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Are You a Descendant of King David?
A Look at Rabbinic Sources

Page 4

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Chassidic Sources

A number of Chassidic works include genealogies of admorim (leaders) referring to descent from King David. To name a few:

Keren Shlomo (The Vineyard of Solomon), by Reuben Zak of Ustila (Lublin, 1930) tells of the descent of Mordechai of Chernobyl (Twersky) and Israel of Ruzhin (Friedman) from a number of great rabbis, like Moses Isserles and Samuel Edels, who were themselves descendants of the Davidic line.

Pinu'ach Raza (Decoder of the Mysteries), by Itzhak Halevi (reprinted in Jerusalem, 1965), includes a genealogy of the Zbidachov-Komarno dynasty. It, too, tells of descent from the Lurias, Rashi, and Judah Lowe the Elder, leading both ways to King David. The family names of this dynasty are Safrin and Eichenstein, with Klingberg a derivative family.

Sefer Ha-Yachas Mi-Chernobyl ve-Ruzhin (The Genealogy of the Chernobyl and Ruzhin Dynasties), by A.D. Twersky (Lublin, 1938), deals with the Chassidic families Twersky and Friedman, and related families. It mentions descent from King David of Nathan Nota Schapiro ABD Grodno, Aaron of Karlin, Abraham (Twersky) of Chernobyl, Isaac of Drohobycz, and Abraham Joshua Heschel of Opatow.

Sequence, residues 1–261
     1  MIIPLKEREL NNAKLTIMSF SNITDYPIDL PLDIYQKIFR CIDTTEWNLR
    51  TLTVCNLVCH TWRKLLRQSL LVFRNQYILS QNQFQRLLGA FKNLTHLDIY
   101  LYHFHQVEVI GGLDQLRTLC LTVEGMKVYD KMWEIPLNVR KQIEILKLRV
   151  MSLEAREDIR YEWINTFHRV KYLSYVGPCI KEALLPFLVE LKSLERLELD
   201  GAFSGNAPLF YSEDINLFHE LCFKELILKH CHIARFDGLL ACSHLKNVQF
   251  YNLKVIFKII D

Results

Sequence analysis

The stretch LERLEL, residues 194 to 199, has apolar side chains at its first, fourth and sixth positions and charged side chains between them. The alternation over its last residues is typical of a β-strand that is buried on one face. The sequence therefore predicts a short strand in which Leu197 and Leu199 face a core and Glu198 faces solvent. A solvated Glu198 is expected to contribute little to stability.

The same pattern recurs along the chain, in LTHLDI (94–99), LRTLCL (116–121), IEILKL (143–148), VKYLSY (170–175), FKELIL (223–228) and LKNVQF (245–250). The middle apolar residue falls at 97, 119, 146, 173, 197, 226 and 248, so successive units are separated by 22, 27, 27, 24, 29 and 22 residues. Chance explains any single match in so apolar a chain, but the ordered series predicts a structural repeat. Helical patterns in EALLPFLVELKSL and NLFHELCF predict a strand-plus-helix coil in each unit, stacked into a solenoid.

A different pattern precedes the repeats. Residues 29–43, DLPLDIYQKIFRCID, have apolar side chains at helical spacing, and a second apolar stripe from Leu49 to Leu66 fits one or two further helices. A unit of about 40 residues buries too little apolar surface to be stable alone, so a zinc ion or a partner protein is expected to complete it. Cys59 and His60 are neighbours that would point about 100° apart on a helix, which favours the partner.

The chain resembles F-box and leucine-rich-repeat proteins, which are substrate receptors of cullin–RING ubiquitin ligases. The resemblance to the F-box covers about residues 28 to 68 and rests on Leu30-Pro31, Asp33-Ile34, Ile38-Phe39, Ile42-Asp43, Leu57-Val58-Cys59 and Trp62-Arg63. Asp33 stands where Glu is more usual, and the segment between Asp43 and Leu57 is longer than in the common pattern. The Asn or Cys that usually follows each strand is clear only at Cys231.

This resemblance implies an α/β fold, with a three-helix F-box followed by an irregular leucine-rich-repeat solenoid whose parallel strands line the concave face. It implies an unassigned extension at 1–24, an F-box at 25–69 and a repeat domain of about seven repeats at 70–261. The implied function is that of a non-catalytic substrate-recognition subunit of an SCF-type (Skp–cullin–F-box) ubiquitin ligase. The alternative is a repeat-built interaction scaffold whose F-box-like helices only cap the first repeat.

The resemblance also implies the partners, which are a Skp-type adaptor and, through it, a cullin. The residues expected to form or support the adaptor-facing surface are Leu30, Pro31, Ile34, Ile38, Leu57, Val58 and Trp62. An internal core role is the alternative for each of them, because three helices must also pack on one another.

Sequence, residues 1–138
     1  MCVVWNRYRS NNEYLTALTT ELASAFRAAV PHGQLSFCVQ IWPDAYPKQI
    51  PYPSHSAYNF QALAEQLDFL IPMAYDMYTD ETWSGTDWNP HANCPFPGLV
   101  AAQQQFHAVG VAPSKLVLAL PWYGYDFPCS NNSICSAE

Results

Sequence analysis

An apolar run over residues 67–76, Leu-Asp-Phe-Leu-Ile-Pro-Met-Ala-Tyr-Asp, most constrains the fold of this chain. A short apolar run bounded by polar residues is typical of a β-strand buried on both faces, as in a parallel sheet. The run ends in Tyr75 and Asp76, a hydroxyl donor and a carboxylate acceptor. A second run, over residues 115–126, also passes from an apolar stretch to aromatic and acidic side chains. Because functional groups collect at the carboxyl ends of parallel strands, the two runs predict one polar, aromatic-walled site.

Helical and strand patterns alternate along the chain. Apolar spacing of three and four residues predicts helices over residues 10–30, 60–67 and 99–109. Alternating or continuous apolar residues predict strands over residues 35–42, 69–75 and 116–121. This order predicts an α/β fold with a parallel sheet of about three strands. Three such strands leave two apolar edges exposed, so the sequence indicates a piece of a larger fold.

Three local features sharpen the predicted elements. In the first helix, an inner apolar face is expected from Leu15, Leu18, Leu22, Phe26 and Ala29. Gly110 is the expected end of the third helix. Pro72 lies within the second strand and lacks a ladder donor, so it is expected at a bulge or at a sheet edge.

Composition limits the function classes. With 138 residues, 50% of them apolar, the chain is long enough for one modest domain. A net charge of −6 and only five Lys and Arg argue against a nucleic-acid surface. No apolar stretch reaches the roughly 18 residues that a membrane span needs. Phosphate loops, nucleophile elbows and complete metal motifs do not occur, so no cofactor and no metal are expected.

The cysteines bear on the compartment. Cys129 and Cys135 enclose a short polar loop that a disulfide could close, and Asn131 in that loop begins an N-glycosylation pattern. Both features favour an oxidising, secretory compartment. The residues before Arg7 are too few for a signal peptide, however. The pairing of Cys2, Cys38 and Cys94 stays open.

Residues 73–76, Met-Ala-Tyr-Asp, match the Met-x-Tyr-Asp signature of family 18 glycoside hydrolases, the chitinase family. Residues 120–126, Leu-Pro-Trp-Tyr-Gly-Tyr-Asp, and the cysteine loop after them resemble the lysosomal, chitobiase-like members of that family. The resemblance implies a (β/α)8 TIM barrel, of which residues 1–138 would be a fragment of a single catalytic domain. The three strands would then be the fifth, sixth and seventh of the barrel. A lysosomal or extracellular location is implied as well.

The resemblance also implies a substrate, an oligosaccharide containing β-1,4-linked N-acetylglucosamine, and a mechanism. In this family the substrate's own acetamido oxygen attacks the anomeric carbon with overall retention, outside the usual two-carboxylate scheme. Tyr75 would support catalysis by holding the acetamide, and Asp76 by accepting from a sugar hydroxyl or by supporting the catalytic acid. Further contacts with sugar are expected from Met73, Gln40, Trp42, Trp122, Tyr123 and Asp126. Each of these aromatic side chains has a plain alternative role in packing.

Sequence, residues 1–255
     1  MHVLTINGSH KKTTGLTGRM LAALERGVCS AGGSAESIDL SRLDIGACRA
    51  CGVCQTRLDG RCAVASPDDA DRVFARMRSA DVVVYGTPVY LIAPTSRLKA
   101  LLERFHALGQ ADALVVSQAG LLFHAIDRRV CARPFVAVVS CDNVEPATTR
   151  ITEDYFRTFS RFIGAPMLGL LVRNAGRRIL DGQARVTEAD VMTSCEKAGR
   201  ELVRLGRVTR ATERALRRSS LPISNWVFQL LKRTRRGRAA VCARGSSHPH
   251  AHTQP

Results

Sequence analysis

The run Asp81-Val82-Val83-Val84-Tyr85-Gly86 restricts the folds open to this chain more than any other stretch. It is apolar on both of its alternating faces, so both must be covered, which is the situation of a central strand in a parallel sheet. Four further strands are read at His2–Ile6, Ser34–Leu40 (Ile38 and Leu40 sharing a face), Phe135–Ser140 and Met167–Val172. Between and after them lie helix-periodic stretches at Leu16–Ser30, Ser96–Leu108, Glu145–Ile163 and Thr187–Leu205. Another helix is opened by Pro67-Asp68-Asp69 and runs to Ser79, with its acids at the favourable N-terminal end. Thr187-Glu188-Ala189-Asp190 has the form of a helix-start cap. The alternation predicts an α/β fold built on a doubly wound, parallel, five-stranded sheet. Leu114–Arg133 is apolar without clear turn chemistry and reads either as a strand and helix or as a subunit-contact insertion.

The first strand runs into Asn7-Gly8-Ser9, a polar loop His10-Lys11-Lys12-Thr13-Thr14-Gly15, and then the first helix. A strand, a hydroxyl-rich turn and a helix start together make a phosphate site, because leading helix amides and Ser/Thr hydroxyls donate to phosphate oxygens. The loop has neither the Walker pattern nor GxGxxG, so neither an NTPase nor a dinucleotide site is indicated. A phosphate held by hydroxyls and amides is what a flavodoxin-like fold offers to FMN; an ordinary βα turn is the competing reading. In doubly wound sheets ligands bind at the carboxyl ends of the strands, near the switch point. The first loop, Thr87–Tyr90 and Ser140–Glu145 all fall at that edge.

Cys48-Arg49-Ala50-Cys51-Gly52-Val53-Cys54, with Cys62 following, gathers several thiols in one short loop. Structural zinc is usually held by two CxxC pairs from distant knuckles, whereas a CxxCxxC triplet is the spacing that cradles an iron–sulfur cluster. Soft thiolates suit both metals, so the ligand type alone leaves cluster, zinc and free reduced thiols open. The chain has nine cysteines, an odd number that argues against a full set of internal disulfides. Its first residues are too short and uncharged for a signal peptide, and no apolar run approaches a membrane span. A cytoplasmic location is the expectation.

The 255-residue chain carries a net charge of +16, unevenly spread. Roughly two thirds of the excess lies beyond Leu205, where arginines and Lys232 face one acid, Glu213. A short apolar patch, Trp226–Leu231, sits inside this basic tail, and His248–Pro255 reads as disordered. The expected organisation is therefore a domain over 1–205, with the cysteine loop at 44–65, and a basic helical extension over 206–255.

Of the many more sources I'll add this one because it is so rich in names: Rabbeinu Moshe Isserles (REMA), by Asher Siev (New York, 1972). His maternal grandmother was the daughter of Jehiel Luria ABD Brest-Litovsk (d. 1470), a descendant of Rashi. This is stated in the first few paragraphs of the book. It has two chapters about his descendants, too many to name them all. Here are a few: Morgenstern, Reines, Meisels, Mirkes, Ehrenreich, Friedland, Rabinowitz (of Lida), Zifferstein, Heilprin, Margulies, Rokeach, Parnas, Schor, Horowitz, Itinga/Ettinger, Rubin, Glickman, Ehrlich, Moskowitz.


If you are a descendant of one of the above-mentioned families you may be a descendant of King David. I stress the may. It will remain a probability until some more old scrolls or records are found that will fill the gaps and confirm it. In the meantime, let's study the sources, listen to the many rabbis who were certain that this is so, and not dismiss it lightly with a doubt or a joke. I presented here a sampling of sources, and modest number of family names. It may be worth your while to inquire whether you are related to one of these families. You may not be. But if you are, you certainly would want to know it.

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David Einsiedler has devoted his retirement years to rabbinic genealogical research and is a member of the JGSLA. He is a native of pre-war Poland and lives in Los Angeles, California. This article was originally published in the Spring 1988 edition of Roots-Key: Journal of the Jewish Genealogical Society of Los Angeles (JGSLA) and is reprinted with kind permission.